CO alarms save 2 Boynton Beach families - Fox29 WFLX TV, West Palm Beach, FL-news & weather

CO alarms save 2 Boynton Beach families

BOYNTON BEACH, Fla. - Two families in Boynton Beach are counting their blessings this holiday season after both were saved by carbon monoxide detectors. The devices cost less than $20; however, the investment turned out to be priceless.

Sam Okun and Arlene Schwartz of Boynton Beach heard a shrill beeping noise in the middle of the night on November 10 th. Their six and a half  year old grandson, Hunter, who was visiting them,  was asleep and the couple was getting ready to turn in when their carbon monoxide detectors went off.

"I think that they saved our lives," said Okun. "We're sure of it. Absolutely sure of it,  that they saved our lives."

Carbon monoxide is a colorless, odorless, tasteless gas produced motor vehicles, gas-powered furnaces, and portable generators. According to the Centers for Disease Control, unintentional exposure kills about 500 people and sends about 15,000 others to emergency rooms in the United States each year.

Sam and Arlene had one carbon monoxide alarm in their home, but they bought a second one after Arlene's friend died from carbon monoxide poisoning seven years ago.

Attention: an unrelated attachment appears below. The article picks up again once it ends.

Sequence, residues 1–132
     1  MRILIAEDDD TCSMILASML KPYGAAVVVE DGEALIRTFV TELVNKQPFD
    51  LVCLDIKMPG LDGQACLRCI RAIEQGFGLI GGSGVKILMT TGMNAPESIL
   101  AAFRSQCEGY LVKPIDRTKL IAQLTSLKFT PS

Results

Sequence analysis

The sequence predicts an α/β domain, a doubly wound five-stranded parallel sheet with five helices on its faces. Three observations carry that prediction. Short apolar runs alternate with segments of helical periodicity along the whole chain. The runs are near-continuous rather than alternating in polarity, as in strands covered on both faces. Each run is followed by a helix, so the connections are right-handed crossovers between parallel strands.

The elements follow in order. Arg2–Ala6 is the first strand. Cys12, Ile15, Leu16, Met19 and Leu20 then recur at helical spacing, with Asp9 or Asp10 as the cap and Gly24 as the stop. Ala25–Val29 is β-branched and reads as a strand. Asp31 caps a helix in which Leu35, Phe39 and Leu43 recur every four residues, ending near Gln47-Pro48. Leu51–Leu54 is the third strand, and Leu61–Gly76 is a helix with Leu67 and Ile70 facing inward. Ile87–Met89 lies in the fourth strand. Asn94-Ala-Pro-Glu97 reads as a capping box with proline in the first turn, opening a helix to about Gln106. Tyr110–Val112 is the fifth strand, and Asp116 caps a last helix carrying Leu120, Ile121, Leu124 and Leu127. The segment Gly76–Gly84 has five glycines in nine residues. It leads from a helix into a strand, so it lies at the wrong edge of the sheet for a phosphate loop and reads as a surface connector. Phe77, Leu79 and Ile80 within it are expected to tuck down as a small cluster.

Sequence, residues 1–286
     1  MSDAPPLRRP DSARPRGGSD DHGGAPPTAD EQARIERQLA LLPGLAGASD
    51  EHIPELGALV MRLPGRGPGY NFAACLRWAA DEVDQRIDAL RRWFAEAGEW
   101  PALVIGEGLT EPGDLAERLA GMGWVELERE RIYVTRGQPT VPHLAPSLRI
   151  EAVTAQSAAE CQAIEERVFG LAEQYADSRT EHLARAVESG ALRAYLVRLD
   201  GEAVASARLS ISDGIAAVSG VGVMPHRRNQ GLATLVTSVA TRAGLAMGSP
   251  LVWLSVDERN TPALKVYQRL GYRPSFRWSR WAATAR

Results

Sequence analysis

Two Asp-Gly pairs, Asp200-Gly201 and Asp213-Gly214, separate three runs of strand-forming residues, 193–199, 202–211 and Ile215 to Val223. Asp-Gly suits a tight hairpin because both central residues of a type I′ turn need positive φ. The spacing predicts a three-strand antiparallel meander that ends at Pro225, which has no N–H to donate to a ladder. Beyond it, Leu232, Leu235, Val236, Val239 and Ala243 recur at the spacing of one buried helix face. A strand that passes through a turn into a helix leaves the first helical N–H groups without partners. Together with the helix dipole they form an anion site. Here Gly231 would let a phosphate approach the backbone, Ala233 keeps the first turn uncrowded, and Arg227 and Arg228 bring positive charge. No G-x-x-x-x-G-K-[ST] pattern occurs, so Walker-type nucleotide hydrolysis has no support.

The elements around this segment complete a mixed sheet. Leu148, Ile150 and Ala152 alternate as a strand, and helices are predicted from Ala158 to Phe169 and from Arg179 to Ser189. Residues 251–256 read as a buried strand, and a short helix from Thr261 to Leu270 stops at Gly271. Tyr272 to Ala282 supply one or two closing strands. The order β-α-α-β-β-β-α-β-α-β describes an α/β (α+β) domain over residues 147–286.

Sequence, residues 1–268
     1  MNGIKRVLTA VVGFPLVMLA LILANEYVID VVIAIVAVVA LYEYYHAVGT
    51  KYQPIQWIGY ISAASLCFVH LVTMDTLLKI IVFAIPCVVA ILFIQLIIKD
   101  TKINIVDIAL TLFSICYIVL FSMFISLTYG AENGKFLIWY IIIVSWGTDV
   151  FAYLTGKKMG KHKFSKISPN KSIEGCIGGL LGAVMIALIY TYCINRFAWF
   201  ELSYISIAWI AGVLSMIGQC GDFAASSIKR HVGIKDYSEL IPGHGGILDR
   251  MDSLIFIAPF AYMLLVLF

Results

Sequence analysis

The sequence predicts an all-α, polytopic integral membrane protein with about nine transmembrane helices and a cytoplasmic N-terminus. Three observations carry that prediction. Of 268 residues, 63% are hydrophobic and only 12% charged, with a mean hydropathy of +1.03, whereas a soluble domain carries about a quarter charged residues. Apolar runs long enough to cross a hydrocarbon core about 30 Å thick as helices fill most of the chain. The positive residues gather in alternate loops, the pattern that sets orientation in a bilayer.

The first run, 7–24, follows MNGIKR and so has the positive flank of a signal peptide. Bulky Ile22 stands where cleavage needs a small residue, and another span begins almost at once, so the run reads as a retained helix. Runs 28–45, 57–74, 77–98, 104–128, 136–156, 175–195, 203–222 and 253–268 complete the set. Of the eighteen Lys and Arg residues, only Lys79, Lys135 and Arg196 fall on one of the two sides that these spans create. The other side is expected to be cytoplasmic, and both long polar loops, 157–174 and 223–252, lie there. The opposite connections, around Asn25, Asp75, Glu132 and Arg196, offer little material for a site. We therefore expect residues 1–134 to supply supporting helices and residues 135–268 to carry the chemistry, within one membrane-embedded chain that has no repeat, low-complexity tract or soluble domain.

"It's a wakeup call," she explained. "You're playing cards with a woman until 11 o'clock at night and in the morning, she and her husband are both dead."

They never thought it could happen in their own home. It turns out, the family car's push button ignition was still on hours after they got home, filling the garage and the house with carbon monoxide. All three were taken to a local hospital to be treated. Fortunately, all are doing fine.

"Afterwards you think, thank God," said Schwartz. "How lucky can you be? If we didn't have that alarm, I wouldn't be here talking to you."

The Jacobs wouldn't be here, either. Thanksgiving morning, their carbon monoxide detector went off.

"I opened up the garage door and the heat just hit me in the face," said Sheilah Jacobs. "Of course, the doors were closed there. I inhaled deeply, but I couldn't smell anything but I thought something was going to explode because the heat was unbelievable."

Sheilah Jacobs' car was inside the garage and still running; however, without the carbon monoxide detector they might not have known until it was too late.

"Had they slept throughout the night and woke up at 7 or 8 in the morning the next day, I don't think we would have had the same outcome that we had," said Palm Beach County Fire Rescue Captain Doug McGlynn. "It saved their life. Hands down."

Days after the incident, Irwin Jacobs is still having headaches; however, today as he and his wife celebrate their 29 th anniversary, he said they have a lot to be thankful for.

"We're here and that's the most important thing," he said.

Palm Beach County Fire Rescue advises residents to check their carbon monoxide and smoke detectors regularly and replace them every few years according to the manufacturer's instructions.

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